It can come out of nowhere. It can happen at any time. And, it can happen to anyone – the very fit, non-smoking vegetarian or someone who hasn’t had the healthiest lifestyle. More importantly, it can happen in the prime of one’s life: when you’re rising through the ranks at your workplace, when you’re completing your studies, or when you’ve just had a baby. Once thought to be a medical consequence of aging or poor diet, a stroke can actually happen at any age. Furthermore, the proportion occurring in young adults (aged 18-55) appears to be rising.
Young stroke victims often ignore the symptoms of stroke, especially if they are initially subtle, leading them to miss important treatments in the first few critical hours. They often attribute their symptoms to anything else: being tired, dehydrated, stressed, or having low blood sugar, an ordinary headache, or a stretched muscle or nerve. And, because they look young and healthy, doctors often don’t consider stroke as a potential cause of their symptoms.
“There is a brief window for emergent medical treatment when one is having a stroke,” says Lester Y. Leung, MD, a vascular neurologist at Tufts Medical Center and founder of the Stroke and Young Adults (SAYA) Program. “For ischemic stroke, you only have 4.5 hours from the onset of symptoms to get to the hospital and be treated with t-PA, the ‘clot busting drug,’ or 6 hours to have a large clot removed with a wire catheter.”
An ischemic stroke is a serious health condition that occurs if the flow of oxygen-rich blood to a portion of the brain is blocked. Without oxygen, two million brain cells die every minute. A second type of stroke, intracerebral hemorrhage, occurs when a blood vessel ruptures, causing bleeding into the brain. While people can recover from both types of strokes, they can sometimes worsen very quickly in the first few hours or days, sometimes leading to severe disability or death.
Dr. Leung asserts that stroke hits young adults especially hard. “They are often parents taking care of their children or their own elderly parents, and now they suddenly need to ask others for help,” said Dr. Leung. “Many want to return to work that they enjoy and shape their identities.”
Most strokes do not result in death, and most young adults who suffer from a stroke will recover. However, many will be left with some disability, persistent symptoms, or delayed complications: difficulty speaking, difficulty walking, difficulty seeing in part of their vision, stiffness or pain in their limbs, lightheadedness and dizziness, headache, fatigue, concentration and memory problems, seizures, depression and anxiety. This can slow them down, and keep them from fulfilling their dreams.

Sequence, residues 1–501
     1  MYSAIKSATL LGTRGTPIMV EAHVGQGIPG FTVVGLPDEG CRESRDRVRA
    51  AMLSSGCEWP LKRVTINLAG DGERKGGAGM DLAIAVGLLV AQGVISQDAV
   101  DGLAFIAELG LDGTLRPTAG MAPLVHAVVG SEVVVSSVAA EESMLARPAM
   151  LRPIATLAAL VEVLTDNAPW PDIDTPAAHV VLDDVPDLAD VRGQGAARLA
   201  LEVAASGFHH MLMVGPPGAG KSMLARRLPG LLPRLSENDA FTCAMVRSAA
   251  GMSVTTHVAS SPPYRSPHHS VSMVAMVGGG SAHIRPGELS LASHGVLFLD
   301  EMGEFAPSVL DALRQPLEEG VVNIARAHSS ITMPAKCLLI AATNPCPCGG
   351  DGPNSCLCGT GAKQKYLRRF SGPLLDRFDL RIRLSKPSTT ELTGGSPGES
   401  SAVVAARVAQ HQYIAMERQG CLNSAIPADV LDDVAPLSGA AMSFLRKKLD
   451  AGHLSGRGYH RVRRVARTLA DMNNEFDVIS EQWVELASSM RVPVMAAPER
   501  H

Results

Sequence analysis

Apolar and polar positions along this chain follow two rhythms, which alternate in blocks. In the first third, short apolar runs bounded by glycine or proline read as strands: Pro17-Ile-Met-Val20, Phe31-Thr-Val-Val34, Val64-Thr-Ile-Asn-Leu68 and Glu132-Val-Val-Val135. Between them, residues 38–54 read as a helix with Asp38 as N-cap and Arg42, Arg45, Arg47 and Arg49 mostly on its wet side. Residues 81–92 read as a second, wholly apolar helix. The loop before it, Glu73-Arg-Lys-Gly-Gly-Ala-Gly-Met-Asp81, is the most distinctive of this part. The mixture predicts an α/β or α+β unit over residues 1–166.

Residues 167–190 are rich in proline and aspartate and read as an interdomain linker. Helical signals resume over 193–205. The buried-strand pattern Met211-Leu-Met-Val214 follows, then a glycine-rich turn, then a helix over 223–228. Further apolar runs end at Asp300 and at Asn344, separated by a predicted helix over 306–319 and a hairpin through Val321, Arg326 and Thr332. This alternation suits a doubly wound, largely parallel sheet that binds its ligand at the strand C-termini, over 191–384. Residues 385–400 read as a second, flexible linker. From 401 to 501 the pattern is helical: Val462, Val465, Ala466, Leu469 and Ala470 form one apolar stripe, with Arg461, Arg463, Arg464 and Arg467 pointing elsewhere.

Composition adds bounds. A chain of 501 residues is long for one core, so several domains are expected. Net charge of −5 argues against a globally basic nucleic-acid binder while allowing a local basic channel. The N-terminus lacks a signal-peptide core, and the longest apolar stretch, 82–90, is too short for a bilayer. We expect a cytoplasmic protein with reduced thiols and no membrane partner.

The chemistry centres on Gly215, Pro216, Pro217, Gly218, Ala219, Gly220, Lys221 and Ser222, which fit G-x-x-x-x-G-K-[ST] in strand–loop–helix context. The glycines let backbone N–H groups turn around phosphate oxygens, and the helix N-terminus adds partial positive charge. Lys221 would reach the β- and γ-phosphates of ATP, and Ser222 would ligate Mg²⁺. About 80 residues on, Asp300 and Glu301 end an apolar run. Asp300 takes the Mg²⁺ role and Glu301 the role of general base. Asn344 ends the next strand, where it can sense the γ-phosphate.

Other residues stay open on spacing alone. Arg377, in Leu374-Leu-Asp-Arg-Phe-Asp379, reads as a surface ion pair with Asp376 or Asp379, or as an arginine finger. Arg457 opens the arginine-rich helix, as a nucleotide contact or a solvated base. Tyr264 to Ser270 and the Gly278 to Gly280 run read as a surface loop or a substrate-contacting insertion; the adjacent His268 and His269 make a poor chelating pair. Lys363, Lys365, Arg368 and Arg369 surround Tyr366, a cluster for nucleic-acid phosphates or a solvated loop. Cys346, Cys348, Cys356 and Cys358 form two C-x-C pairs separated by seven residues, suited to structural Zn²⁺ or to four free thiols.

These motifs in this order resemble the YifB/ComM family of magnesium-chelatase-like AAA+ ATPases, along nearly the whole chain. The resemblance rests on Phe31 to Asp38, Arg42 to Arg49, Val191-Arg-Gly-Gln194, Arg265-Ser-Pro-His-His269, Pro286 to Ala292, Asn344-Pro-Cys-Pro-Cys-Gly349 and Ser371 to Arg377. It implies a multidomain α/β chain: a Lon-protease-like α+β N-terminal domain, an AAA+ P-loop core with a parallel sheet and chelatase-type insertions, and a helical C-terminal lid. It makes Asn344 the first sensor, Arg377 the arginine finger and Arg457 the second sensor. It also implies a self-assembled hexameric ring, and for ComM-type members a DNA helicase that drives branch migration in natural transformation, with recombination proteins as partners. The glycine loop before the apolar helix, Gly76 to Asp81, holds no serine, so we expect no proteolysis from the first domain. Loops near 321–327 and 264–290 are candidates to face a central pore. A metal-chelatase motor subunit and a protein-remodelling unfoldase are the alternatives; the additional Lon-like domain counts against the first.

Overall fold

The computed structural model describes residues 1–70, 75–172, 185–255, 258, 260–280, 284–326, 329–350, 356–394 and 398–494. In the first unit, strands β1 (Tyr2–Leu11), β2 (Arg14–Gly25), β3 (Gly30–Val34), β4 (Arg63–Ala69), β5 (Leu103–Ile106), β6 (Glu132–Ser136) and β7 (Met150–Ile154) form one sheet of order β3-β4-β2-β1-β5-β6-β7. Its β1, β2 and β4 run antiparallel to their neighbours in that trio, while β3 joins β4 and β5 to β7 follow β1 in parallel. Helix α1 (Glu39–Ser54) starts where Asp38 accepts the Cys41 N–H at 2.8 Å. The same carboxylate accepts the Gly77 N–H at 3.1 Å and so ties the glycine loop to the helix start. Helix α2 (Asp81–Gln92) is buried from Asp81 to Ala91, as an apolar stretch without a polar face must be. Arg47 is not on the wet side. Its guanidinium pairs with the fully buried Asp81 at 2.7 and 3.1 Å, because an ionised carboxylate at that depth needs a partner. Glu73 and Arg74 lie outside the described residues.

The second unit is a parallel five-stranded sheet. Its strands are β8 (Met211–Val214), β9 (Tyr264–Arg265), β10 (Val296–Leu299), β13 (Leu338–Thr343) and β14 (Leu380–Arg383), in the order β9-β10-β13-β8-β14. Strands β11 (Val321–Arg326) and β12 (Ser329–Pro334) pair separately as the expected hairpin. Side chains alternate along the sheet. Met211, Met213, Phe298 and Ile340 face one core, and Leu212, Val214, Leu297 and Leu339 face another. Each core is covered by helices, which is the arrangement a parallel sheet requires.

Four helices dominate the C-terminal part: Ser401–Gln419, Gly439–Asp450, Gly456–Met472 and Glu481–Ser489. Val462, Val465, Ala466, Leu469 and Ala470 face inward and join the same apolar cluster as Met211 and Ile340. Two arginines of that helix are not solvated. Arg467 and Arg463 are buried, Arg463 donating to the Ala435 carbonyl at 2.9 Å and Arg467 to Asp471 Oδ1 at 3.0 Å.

The SAYA program is a comprehensive, longitudinal care program that aims to help young adult and pediatric stroke survivors navigate their lives after stroke. Be it managing a major or minor disability, or helping prevent future strokes and complications of stroke, the program provides individualized risk and symptom management and counseling on stroke survivorship. Moreover, there is a patient and family support system where other people recovering from a stroke at a young age can offer moral support and guidance.
Typical current models for treating and guiding individuals after their strokes often do not account for long-term survival. According to Dr. Leung, patients are often referred to a rehab or nursing home where they sometimes become depressed and hopeless about their prospects to return to a more normal life. His aim is to do just the opposite. “You do not have to downscale your ambitions and dreams,” said Dr. Leung. “Together, we will aim to help you live a full life: happy, strong, and more than just a victim of stroke. You are a stroke survivor, and you are not alone.”
The SAYA Program at Tufts Medical Center in Boston, MA is constantly growing and seeking to help more stroke survivors. The program offers assistance to patients and families immediately after a stroke but is unique in its ability to offer lifelong management and support. Please visit www.tuftsmedicalcenter.org/saya if you are a stroke survivor, know someone one who might benefit from our program, or just want to learn more about stroke and the services Tufts MC provides.
If you think you or someone else is having a stroke, call 9–1–1 right away. Do not drive to the hospital or let someone else drive you. Call an ambulance so that the on-site medical personnel can prepare life-saving treatment on your way to the emergency room. During a stroke, time is brain: every minute counts!
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